“This fear that free exchange of ideas can no longer occur on campuses is really grossly exaggerated,” she said. “The AAAP has long held that freedom is essential to learning. No idea can be banned or forbidden, especially in the classroom.”

Levy added that the bill would chill campus freedom of speech.

“It’s huge legislative overreach, and an invasion of privacy and a threat to academic freedom on campus,” she said. “It is actually meant to suppress speech rather than to encourage it to flourish.”

Levy added, “The fear that you’ve got the Florida legislature looking over your shoulder would definitely chill academic freedom.”

“Allowing the legislators to interfere in campus policies sets a very dangerous precedent and we oppose that wherever it crops up,” she said, noting that faculty and students should have the ability to discuss subject matter in the way that they see fit.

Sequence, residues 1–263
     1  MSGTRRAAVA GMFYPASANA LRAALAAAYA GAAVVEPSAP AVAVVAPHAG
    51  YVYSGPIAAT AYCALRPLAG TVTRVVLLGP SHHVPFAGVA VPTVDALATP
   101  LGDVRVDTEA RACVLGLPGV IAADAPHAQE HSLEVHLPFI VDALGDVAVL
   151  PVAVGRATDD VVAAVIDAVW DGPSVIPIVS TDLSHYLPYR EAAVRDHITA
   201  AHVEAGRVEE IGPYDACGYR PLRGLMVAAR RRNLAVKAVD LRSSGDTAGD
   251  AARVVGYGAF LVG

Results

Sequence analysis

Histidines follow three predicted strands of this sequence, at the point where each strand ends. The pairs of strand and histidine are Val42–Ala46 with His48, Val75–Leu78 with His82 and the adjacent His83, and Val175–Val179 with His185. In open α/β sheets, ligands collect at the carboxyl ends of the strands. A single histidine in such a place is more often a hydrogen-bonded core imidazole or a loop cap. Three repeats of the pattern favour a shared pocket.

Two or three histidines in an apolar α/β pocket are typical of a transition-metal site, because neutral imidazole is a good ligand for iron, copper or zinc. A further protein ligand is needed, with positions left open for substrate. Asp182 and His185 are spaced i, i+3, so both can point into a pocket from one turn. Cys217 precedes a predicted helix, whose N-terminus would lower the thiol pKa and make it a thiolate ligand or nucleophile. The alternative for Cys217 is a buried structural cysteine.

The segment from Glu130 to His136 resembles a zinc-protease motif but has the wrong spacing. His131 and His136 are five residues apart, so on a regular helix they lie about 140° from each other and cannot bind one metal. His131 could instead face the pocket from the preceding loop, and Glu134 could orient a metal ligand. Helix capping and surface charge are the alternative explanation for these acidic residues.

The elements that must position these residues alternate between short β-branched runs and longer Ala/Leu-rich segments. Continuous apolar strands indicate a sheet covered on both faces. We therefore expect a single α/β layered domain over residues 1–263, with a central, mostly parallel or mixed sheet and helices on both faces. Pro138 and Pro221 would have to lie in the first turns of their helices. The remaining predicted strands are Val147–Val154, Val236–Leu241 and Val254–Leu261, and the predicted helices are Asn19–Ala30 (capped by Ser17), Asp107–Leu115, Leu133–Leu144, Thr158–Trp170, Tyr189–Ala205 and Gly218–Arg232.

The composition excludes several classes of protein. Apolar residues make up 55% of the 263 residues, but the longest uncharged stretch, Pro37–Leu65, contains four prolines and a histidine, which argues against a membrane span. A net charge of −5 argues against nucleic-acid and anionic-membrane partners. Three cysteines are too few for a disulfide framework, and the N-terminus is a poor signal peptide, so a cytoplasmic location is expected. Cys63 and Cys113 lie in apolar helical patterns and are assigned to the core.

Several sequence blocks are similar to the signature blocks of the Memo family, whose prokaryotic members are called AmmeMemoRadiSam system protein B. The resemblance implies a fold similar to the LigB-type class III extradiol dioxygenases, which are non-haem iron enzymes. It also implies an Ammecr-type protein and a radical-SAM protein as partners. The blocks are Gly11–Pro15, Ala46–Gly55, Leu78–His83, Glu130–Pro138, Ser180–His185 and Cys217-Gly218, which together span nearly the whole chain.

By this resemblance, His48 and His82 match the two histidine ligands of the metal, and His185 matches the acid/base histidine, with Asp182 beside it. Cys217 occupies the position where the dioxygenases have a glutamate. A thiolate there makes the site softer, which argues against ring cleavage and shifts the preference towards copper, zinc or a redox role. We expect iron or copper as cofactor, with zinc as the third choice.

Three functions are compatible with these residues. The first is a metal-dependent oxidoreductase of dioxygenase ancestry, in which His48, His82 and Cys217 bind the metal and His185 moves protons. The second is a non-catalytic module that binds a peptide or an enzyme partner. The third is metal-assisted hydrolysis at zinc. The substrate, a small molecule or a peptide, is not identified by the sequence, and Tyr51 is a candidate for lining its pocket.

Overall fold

Ryan said that the advisory council of faculty senates with the Florida State University system attempted to problem-solve with legislators and suggest amendments to the bill, but were repeatedly overruled. Florida Democratic lawmakers also fought the legislation.

Both House and Senate Democrats also expressed concerns about how a “viewpoint diversity” survey’s data would be used, as well as the repercussions of students filming lectures without consent.

“It feels as if it has the potential to target faculty,” Ryan said. “They’re going to weaponize your students against you to find out what you’re doing.”

Published with permission of The American Independent Foundation.